In an attempt to save money, help the environment and smugly share our home grown produce with our friends, Andrew and I have decided to go full Tom and Barbara and rent an allotment.
Some of the best memories I have of my Dad are helping him out on his allotment, round the corner from our house in Bridlington. We only had a small yard for a garden so the allotment felt like a trip to the countryside. It was idyllic – rows of neatly planted veggies, fruit bushes laden with berries, bonfires on grey afternoons, friendly chats with neighbouring allotment owners, fetching the water from overflowing baths that doubled up as water butts.
My Dad was a bit chaotic and wasn’t very good at sticking to things he started. The one thing he stuck with for years was his allotment and it was one of the last things he gave up. I remember onions strung up in our backyard and piles of potatoes freshly dug from the ground he spend weeks preparing. He used to grow so much stuff that he traded it for beer at the local pub, The Crown.
In an attempt to recreate this for our children (minus bartering veggies for beer), I called Sheffield City Council and asked them to add me to the list for the next available allotment in our area. I thought it would take months for one to come up, didn’t people hang on to allotments for years? Maybe even until they died?
Well, I got a call from the Council two weeks later and, with great and misplaced excitement, we met a nice lady from the Parks Department to view an allotment, where it did indeed look like someone had died. Or, more likely, been murdered.
The day didn’t start well. Joni was in full meltdown mode from the moment she got up. Some of the many, many things that made her cry included having too much milk on her cereal, wearing sleeves, being cold, being hot and, worst of all, not wanting to go out. A cold rock of fear (good name for a film, right?) settled in my stomach as battle commenced on getting Joni out of the house in time to meet the lady from the council.
After attempting every bribe I could think of, asking nicely, shouting and then trying to drag her out of the house. We eventually came to an arrangement where she would leave the house if I carried her in the sling. So with a two and a half stone child strapped to my front and Evan in the pram I raced down the hill, unable to see where I was going due to Joni’s giant size toddler head blocking my view.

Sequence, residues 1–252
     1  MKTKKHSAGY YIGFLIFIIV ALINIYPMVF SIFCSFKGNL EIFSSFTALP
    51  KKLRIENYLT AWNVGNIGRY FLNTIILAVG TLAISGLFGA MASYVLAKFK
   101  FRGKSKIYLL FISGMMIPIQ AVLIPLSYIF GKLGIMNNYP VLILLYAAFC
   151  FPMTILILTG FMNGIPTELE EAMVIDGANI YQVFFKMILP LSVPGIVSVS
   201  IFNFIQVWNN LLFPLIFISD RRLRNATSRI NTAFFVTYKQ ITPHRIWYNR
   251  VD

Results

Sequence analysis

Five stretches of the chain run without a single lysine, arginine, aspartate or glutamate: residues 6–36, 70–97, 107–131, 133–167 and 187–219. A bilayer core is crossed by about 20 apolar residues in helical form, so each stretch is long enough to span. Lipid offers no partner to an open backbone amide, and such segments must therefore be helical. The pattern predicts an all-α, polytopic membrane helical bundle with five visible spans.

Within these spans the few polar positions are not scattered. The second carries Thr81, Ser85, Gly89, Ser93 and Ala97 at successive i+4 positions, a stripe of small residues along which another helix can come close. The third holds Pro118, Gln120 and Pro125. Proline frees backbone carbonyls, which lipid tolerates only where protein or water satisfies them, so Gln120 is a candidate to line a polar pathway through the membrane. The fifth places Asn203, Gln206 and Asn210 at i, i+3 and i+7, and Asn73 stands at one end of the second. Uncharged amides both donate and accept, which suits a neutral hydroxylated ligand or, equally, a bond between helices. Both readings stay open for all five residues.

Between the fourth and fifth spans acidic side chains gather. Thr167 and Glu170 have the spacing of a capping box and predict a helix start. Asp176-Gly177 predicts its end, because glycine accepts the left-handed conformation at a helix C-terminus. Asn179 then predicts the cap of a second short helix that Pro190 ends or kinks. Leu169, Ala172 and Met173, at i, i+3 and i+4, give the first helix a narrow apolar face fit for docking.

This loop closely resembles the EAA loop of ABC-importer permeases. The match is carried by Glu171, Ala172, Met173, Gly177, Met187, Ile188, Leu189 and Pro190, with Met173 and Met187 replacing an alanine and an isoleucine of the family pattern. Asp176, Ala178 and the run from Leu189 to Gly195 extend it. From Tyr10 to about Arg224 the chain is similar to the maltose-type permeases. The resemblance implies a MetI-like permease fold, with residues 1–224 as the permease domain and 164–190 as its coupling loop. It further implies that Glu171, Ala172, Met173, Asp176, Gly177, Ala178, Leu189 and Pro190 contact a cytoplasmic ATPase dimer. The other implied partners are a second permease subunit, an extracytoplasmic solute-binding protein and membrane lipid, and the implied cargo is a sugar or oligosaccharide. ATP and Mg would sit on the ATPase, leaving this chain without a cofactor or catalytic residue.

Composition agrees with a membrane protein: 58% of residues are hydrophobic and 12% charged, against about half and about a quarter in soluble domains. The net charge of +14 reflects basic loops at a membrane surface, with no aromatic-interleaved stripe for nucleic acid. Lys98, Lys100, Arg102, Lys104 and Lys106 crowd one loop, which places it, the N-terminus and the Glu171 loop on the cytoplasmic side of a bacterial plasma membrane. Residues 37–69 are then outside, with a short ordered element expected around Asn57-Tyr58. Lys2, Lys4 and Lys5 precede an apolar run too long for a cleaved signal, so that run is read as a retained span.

We met the lady from the Council and I made an awkward comment about Joni being ‘a bit upset today’ to explain why I had a three foot tall toddler attached to me. The lady smiled politely and opened a giant metal gate to the allotments. This high security entrance was the first warning sign.
We followed her along a narrow, slippy dirt path which looked like something out of Labyrinth. Either side of the path were seven foot high privet hedges with weird little front doors every so often the indicated there was an allotment behind this great green fortress. How would I get nice old people to help me with my allotment if they were hiding behind towering privet?
Eventually at the bottom of a very long hill, the lady opened one of the doors to reveal a huge expanse of jungle. This allotment looked as though no one had set foot in it for about 100 years. It was massive and overgrown to the point that there was no path and no discernible edge as to where the overgrown plants ended and the hedge began. The Good Life this was not.
I left Evan by the door (this was not buggy terrain) and me and Joni explored further, but really, this was a job for a team of professional gardeners with heavy duty equipment. At the end of the allotment was a shed which could have doubled as the cabin from The Evil Dead. “Can we go in there mummy?” Joni asked. No, no we certainly cannot.
So, this was not the allotment for us. I asked to be moved to a waiting list for some more civilised looking allotments near our house.
In the meantime we’ve decided to start our adventure into growing veggies in our own garden. It’s big enough and near enough so that we might just be able to grow something successfully on it.